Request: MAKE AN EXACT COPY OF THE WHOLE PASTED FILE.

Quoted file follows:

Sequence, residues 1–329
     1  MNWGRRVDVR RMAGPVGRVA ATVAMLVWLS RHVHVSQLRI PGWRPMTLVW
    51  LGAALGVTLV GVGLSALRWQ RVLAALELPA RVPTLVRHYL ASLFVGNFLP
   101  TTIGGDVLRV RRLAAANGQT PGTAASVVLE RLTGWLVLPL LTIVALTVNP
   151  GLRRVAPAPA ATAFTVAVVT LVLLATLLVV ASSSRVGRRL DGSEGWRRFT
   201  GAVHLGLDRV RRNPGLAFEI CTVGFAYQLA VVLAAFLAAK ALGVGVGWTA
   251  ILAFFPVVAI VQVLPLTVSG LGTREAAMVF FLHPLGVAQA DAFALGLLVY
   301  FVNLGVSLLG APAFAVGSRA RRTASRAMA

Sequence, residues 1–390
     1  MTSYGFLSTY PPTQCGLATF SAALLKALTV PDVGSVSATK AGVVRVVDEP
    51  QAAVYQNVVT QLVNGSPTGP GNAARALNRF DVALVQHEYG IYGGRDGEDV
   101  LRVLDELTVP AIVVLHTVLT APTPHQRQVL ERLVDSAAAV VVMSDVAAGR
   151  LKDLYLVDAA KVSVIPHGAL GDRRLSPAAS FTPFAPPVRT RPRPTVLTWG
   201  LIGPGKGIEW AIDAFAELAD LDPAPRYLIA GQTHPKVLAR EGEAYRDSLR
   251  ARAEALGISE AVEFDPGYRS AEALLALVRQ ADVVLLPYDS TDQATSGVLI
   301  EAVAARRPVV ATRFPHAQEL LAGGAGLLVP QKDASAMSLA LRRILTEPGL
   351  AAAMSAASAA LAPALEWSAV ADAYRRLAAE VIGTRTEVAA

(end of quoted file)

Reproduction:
Sequence, residues 1–329
     1  MNWGRRVDVR RMAGPVGRVA ATVAMLVWLS RHVHVSQLRI PGWRPMTLVW
    51  LGAALGVTLV GVGLSALRWQ RVLAALELPA RVPTLVRHYL ASLFVGNFLP
   101  TTIGGDVLRV RRLAAANGQT PGTAASVVLE RLTGWLVLPL LTIVALTVNP
   151  GLRRVAPAPA ATAFTVAVVT LVLLATLLVV ASSSRVGRRL DGSEGWRRFT
   201  GAVHLGLDRV RRNPGLAFEI CTVGFAYQLA VVLAAFLAAK ALGVGVGWTA
   251  ILAFFPVVAI VQVLPLTVSG LGTREAAMVF FLHPLGVAQA DAFALGLLVY
   301  FVNLGVSLLG APAFAVGSRA RRTASRAMA

Sequence, residues 1–390
     1  MTSYGFLSTY PPTQCGLATF SAALLKALTV PDVGSVSATK AGVVRVVDEP
    51  QAAVYQNVVT QLVNGSPTGP GNAARALNRF DVALVQHEYG IYGGRDGEDV
   101  LRVLDELTVP AIVVLHTVLT APTPHQRQVL ERLVDSAAAV VVMSDVAAGR
   151  LKDLYLVDAA KVSVIPHGAL GDRRLSPAAS FTPFAPPVRT RPRPTVLTWG
   201  LIGPGKGIEW AIDAFAELAD LDPAPRYLIA GQTHPKVLAR EGEAYRDSLR
   251  ARAEALGISE AVEFDPGYRS AEALLALVRQ ADVVLLPYDS TDQATSGVLI
   301  EAVAARRPVV ATRFPHAQEL LAGGAGLLVP QKDASAMSLA LRRILTEPGL
   351  AAAMSAASAA LAPALEWSAV ADAYRRLAAE VIGTRTEVAA